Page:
First impressions of Agera

Agera makes development way easier, more modular and far more maintainable

I will probably use Agera whenever I can. It simplifies everything. And especially when you combine it with Dagger, it makes your life as an Android developer a lot easier.


Agera has only been released a few weeks ago. It is a library by Google, that allows you to write reactive Android applications. The best thing however is, that it has been developed specifically for Android. Which most importantly makes it easy to deal with the lifecycles of the different components.

Probably the most important thing you need to remember about reactive programming is that it works through activation. Repositories do nothing until they are observed. So this means, you can create them but they will delay loading data until they are activated. When they are not active they will still take note of changes in the underlying data sets, but they will not reload until they become active again.


Before Agera existed, so let’s say up until very recently. I always used loaders to load locally stored data and I used retrofit to get data from the network. With Agera I can do both; network data and locally stored data, on any thread of my choosing. And the best part is that I can even post-process remote data with local data, or the other way around.

The case

I choose a case where I can really put Agera to the test. Not just loading data from one source, but also composing the data from different sources. Just like I do in Appsii’s Apps page. There are two completely different types of data-sources several to load data from. Firstly the user’s tags and tagged apps, and launch history. They are all loaded from a SQL database. The second data-source is Android’s package manager. The package manager is used to query the installed apps.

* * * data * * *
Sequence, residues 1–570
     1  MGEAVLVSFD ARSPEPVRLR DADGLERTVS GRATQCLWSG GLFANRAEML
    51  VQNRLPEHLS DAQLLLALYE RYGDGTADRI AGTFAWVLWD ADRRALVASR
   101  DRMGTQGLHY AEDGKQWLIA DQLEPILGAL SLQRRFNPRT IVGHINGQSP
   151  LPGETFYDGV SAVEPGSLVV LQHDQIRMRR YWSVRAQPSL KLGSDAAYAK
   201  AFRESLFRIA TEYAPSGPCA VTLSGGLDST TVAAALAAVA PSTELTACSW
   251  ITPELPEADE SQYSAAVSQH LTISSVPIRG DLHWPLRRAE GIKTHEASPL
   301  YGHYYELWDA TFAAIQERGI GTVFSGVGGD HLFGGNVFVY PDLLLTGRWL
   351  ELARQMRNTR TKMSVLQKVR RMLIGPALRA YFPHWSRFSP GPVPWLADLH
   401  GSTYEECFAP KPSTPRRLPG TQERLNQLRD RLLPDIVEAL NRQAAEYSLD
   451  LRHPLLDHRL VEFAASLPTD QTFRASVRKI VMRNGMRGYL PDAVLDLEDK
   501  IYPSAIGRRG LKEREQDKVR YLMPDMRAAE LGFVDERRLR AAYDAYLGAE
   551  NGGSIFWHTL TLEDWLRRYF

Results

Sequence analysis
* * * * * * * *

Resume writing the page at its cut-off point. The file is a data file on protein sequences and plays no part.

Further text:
When app of this data is loaded, it needs some post-processing; the appropriate tags must be set on the apps and the apps need to be grouped, and sorted based on their tag information.

And keep in mind that even though the apps-page needs this information as a whole, other parts of the application do not need the grouped version of the data. But they may only need the tags that exist in the application. So I want to build a repository that gives me just the tags, and I want my app-page data repository to use this as an input. Effectively creating building blocks that I can compose at will.

Primary types

Let’s first quickly discuss Agera’s primary types we’ll be using. The first component is the Supplier. A Supplier is some source of data. Next is Function. Function is used for transformations. It has an input and an output. Result is another type that is used as the return type for most of the functions in the stream. An Observable is something that can be observed. In other words, listened to by other objects.

A repository is a supplier and an Observable. It is also the main type in Agera.

Loading the tags

The tags are all stored in an sqlite database, accessed using a content-provider. To load the tags from the database we first need a supplier.

static class AppTagCursorSupplier implements Supplier<Result<Cursor>> {

    Context mContext;

    public AppTagCursorSupplier(AppsiApplication app) {

    public Result<Cursor> get() {
        Uri uri = AppsContract.TagColumns.CONTENT_URI;